Saturday, April 3, 2010

Transparency in tools

I've been dealing with a bunch of new tools and services lately, and running into the inevitable little problems along the way.  This got me thinking about the subject of transparency.  I like to say that any product must meet at least one of the following two goals:

1. Work more-or-less perfectly, virtually all of the time.

2. Be sufficiently transparent that, when the product fails, the user has some idea what to do about it.

Developers usually focus on #1 and ignore #2.  However, perfection is rarely achieved, so users are often left in a bind -- the thing they are trying to use isn't working, but they don't know how to fix it.  If any sufficiently advanced technology is indistinguishable from magic, then insufficiently advanced technologies should not pretend to be magic.

Examples abound.  My (anti-)favorite is a cell phone that can't connect.  My old Blackberry had a habit of dropping calls, with the message "call failed".  Why did the call fail, you might ask?  Was the signal too weak?  (Perhaps I should move to a less occluded spot.)  Was the tower handling too many calls?  (Perhaps I should move far enough to get in range of another tower.)  Is the phone's software glitching?  (Perhaps I should reboot.)  Was it a problem at the remote end?  (Perhaps I should wait for them to call back, or try another number.)  Of course, the phone gives me no information about any of this.  Just "call failed".

(Often, retrying the call succeeds.  It didn't occur to the phone designers to do this automatically, of course, or even prompt me with the option to redial.  The phone just sits there, staring blankly at me, as if nothing had happened.)

My Nexus One, which I otherwise love, has a similar habit with data connections.  It's pretty reliable when I'm on wifi, but otherwise attempts to access the net have a habit of failing.  Sometimes the phone provides no diagnostic information, just "connection failed" or some such.  Those are the good cases.  In other situations, it doesn't even tell me the connection failed, it just never gets around to doing the thing I'd asked it to do.  (One test I've found is invoking the Refresh command in Gmail.  If my connection is working, it spins for a few seconds.  If my connection is down, it spins for a fraction of a second.  No message is displayed in either case.)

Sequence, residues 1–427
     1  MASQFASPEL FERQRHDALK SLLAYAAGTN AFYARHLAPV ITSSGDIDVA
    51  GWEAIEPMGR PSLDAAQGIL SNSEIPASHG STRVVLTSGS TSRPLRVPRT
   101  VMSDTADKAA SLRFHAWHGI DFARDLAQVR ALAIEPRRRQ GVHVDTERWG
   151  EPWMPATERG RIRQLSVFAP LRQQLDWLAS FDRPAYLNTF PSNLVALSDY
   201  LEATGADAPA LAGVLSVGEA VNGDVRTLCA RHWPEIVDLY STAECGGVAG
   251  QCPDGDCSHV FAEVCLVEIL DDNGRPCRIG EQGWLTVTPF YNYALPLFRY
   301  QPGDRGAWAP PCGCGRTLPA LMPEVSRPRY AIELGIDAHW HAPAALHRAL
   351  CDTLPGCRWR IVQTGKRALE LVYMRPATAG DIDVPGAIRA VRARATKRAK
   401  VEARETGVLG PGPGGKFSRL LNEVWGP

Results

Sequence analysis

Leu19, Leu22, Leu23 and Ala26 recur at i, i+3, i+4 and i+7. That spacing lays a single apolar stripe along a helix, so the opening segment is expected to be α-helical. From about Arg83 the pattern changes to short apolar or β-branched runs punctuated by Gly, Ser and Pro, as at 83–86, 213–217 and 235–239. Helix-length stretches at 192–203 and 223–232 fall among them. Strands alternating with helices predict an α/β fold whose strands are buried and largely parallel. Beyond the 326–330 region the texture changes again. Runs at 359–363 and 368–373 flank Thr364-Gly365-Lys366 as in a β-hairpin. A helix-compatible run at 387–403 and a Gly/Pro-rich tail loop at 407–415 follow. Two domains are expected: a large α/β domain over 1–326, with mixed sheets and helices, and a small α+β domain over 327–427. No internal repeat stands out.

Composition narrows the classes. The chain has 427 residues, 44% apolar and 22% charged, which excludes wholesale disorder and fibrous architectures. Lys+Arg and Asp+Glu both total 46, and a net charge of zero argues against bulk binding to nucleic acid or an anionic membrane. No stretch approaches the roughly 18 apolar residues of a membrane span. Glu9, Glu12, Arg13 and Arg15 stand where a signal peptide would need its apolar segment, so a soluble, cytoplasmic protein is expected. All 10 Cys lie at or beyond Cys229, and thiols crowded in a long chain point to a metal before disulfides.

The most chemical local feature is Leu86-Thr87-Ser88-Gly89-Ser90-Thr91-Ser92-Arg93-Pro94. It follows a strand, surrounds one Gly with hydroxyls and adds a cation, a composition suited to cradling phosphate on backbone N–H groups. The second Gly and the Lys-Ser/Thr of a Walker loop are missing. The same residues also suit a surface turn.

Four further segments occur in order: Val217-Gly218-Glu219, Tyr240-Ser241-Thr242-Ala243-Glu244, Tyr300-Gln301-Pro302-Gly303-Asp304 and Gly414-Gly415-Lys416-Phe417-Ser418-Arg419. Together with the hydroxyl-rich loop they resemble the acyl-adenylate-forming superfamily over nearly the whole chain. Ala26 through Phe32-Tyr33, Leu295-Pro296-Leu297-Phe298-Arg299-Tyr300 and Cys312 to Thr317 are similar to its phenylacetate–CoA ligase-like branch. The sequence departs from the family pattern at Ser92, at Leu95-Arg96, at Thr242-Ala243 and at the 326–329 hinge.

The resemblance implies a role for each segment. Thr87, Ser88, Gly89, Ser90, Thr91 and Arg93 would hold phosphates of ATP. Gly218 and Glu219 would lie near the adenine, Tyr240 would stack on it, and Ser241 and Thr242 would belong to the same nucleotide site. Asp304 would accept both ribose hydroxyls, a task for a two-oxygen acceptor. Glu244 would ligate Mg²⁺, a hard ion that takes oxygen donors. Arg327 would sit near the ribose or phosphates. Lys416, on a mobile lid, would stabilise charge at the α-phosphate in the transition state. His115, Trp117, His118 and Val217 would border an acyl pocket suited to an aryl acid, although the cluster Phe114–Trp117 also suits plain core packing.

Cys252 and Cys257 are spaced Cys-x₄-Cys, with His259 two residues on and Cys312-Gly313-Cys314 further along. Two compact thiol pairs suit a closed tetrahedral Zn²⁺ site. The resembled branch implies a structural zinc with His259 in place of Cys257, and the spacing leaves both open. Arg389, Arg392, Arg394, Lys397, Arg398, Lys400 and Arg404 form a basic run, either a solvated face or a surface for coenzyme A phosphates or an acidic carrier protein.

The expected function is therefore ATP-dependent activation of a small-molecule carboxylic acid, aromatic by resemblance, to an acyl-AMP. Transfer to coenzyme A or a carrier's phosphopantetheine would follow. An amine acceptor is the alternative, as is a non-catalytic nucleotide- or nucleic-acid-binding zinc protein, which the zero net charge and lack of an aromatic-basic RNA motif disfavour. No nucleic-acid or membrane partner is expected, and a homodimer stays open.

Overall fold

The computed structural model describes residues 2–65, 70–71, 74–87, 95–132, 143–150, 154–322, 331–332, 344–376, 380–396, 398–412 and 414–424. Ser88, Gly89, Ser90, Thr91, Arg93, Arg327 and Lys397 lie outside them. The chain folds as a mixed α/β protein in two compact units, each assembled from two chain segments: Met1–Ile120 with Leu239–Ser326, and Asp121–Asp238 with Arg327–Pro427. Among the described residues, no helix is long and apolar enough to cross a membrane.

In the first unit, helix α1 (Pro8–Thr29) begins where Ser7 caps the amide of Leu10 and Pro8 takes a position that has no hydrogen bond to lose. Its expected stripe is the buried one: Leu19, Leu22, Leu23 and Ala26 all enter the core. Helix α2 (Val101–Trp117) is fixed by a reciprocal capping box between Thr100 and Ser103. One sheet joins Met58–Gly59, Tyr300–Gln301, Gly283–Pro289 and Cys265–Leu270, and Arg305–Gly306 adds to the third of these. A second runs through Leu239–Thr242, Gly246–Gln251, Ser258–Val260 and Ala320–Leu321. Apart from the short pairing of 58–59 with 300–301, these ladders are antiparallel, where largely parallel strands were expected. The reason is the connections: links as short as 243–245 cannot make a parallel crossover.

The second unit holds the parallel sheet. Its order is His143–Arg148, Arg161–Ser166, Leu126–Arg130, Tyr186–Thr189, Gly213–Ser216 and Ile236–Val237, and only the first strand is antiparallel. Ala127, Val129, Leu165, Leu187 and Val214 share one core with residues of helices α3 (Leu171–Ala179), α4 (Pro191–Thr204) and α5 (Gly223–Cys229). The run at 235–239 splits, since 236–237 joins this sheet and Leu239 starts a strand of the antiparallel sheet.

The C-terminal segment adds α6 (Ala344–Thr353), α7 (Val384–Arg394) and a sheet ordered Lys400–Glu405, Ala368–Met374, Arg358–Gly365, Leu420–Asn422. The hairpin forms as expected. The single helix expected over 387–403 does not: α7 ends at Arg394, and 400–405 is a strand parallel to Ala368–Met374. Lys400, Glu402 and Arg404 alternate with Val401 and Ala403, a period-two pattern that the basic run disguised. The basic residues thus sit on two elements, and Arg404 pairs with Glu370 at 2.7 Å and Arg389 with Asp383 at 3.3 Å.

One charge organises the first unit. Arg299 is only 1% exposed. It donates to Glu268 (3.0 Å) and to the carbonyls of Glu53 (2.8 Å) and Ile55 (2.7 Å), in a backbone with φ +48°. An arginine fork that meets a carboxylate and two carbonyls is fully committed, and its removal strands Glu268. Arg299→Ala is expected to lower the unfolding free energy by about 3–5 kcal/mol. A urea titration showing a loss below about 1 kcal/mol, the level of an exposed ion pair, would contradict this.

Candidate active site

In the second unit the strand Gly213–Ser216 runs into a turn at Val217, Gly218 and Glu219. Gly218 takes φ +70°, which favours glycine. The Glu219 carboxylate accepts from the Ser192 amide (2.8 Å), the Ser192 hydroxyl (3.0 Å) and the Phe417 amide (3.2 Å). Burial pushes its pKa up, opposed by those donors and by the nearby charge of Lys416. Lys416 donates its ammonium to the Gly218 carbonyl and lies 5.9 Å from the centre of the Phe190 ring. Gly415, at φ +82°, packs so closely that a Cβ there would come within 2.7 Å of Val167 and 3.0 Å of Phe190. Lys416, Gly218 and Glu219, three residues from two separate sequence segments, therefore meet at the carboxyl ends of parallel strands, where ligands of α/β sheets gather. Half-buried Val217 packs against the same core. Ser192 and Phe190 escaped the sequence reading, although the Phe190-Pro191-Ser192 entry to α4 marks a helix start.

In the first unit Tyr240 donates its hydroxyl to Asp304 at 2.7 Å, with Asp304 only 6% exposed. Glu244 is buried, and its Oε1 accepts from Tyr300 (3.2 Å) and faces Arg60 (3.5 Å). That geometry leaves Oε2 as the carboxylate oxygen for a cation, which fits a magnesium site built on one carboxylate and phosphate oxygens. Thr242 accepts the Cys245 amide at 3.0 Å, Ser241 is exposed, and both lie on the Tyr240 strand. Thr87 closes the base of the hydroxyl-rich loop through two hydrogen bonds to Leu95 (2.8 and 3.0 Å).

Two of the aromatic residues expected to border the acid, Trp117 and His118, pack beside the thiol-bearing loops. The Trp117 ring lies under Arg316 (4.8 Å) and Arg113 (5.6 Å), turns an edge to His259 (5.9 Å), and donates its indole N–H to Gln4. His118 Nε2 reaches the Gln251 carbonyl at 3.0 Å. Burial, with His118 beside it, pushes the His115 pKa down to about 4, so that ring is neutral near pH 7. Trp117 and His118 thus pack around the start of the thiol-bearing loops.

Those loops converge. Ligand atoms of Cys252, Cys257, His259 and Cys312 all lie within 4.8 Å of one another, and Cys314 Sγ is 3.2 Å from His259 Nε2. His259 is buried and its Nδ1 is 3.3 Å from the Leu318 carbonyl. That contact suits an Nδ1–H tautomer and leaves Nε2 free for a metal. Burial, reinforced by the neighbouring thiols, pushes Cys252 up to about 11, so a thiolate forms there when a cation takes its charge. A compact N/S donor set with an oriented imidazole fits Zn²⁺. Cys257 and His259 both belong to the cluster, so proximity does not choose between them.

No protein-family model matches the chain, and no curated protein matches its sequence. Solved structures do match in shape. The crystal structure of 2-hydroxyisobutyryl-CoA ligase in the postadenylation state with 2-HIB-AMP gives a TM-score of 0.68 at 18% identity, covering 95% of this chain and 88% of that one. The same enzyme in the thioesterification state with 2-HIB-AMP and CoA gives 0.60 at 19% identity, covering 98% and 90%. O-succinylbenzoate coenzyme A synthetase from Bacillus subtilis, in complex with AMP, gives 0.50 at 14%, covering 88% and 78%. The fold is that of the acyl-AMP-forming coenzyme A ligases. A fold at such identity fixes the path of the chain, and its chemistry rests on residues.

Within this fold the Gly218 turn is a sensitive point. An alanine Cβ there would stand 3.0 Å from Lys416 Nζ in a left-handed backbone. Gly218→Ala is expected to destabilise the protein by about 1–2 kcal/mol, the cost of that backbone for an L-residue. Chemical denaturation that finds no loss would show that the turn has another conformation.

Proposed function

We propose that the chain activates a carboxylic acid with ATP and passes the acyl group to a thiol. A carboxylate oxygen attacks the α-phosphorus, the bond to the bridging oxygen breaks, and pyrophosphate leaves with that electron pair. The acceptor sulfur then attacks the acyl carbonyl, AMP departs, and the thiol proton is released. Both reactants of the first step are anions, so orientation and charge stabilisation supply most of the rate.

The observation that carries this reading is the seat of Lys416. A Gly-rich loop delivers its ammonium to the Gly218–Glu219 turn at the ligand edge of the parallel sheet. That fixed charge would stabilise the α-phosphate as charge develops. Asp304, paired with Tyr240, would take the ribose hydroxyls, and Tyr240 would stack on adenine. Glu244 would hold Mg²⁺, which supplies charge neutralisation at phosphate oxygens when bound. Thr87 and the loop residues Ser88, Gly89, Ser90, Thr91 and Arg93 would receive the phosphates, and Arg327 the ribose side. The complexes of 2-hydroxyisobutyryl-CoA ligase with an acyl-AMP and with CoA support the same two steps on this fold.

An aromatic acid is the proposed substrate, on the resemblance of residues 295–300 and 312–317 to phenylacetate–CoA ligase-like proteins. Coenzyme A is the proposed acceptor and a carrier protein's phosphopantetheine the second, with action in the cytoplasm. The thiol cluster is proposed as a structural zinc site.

The cases that have been troubling me lately all involve software systems.  I've been using Eclipse to develop a simple servlet-based web site on Tomcat and running it on my Mac and Amazon's EC2.  Sometimes it works, but often it can't find my servlet, or doesn't get the latest version.  When it doesn't work, I have a hard time figuring out why, because none of these systems are transparent:
  • Often, Tomcat can't find the compiled version of my servlet -- ClassNotFoundException.  Where is this supposed to be?  (Somewhere under WEB-INF/lib, I think, but I'm not sure and neither the error message nor the documentation of any relevant tool talks about it.)  Which Eclipse command is supposed to create it?  (Build?  Publish?  Something I haven't found yet?)  Did it even get built?  Where would Eclipse be putting it prior to copying it to the Tomcat server?  (No idea.)  When Eclipse publishes the site to Tomcat, where the heck in my filesystem does it put the site?  (Complete mystery.  It's not under Tomcat's webapps folder; at least, not when I run locally.  Tomcat's admin tool displays a list of configured applications, but doesn't show their filesystem path.)
  • When I'm running under EC2, things get even more complicated.  Amazon's Eclipse plugin can launch an EC2 instance and copy my site to it.  This often takes several minutes.  What is going on during that time?  There are some status messages, but I don't know what they mean.  I don't know what actual commands or operations are being performed.  When it fails -- and it often does -- I don't know what operation failed, what context it was invoked in, or how it failed.  I had to dig around for 20 minutes to even find where the heck, in the filesystem of the EC2 image the plugin uses by default, Amazon placed Tomcat.  (/env/tomcat.)
Imagine how much easier all this would have been if the tools involved were more transparent about their own operation.  When Tomcat can't find a class file, the error message could tell me where it looked.  When Eclipse publishes a site to a server, it could tell me what files it's copying, where they came from, and where they went to.  Commands like "Build", "Publish", and "Clean" could tell me what files they affected.  Amazon's EC2 plugin documentation could include a page on "what the plugin actually does when you ask it to launch a server".  None of this would be terribly hard, and it would make the tools much more transparent and debuggable.  This wouldn't just make life better for users, it would make the developers' lives easier, by reducing support requests, enabling better bug reports, and (for open-source projects) giving outsiders a better shot at fixing bugs directly.

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